by Michael Mills
I traveled more than 33,000 miles across Georgia in 2010 running for Secretary of State. No matter how different the location it was clear that Georgians (and I suspect Americans) are all the same. We want safe families, good jobs and a future that is better than our past.
I garnered 53,001 votes on Election Day (15.5 percent) but prefer to think of this race in terms of the profound impact it had on my life. I’ve spent a career trying to engage people in the civic process, knowing that people participate when they feel a connection to something – they will take action when government has meaning to their lives and offers tangible solutions to their problems.
I know the difference my speeches made in people’s lives. I saw firsthand how discussing Georgia’s challenges and tangible solutions excited people and got them to support my campaign. Voter turnout was low, which is a troubling indicator of civic health. But I am buoyed that people do care and will participate because of what I saw first-hand on the campaign trail.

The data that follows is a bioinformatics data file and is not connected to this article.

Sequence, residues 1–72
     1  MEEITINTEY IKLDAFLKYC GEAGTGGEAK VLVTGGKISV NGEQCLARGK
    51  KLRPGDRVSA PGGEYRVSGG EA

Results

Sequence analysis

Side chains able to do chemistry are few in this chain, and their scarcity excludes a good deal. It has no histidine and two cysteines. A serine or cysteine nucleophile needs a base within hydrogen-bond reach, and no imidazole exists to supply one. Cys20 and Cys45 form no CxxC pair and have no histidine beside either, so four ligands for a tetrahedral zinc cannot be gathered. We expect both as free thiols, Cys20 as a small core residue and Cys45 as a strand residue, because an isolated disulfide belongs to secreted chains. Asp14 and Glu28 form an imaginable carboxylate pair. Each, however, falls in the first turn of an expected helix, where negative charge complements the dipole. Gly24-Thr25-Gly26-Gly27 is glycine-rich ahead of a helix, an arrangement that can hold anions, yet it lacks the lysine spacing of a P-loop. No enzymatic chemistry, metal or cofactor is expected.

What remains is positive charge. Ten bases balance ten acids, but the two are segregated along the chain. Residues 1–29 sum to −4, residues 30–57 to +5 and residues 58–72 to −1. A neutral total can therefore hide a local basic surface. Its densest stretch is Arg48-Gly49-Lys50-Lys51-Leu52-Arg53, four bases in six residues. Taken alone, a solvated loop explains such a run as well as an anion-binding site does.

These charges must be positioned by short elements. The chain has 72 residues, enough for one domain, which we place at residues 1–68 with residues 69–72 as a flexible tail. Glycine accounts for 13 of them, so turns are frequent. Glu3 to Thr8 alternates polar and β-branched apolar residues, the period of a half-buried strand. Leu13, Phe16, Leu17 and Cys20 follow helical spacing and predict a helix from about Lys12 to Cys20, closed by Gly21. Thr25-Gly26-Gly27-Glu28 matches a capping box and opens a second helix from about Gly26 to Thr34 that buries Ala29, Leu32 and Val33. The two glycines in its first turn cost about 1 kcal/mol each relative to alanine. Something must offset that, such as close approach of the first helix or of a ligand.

But increased civic participation will only come when government and our politics change. It’s time for citizens to challenge candidates. Share your concerns, ask tough questions and force them to provide real solutions to the problems we face as a nation and in local communities – and hold them accountable once elected. That’s how we bring a new way forward in government.
Michael Mills is a Georgia-based technology executive at Insol, Inc., a civic activist, author and most recently a candidate for Georgia Secretary of State. He is also founder of Georgia Polis (www.georgiapolis.blogspot.com), an online community of non-partisan issue information and civic marketplace. As a friend of The Harwood Institute we asked Michael to share his experience of running for office in divisive times.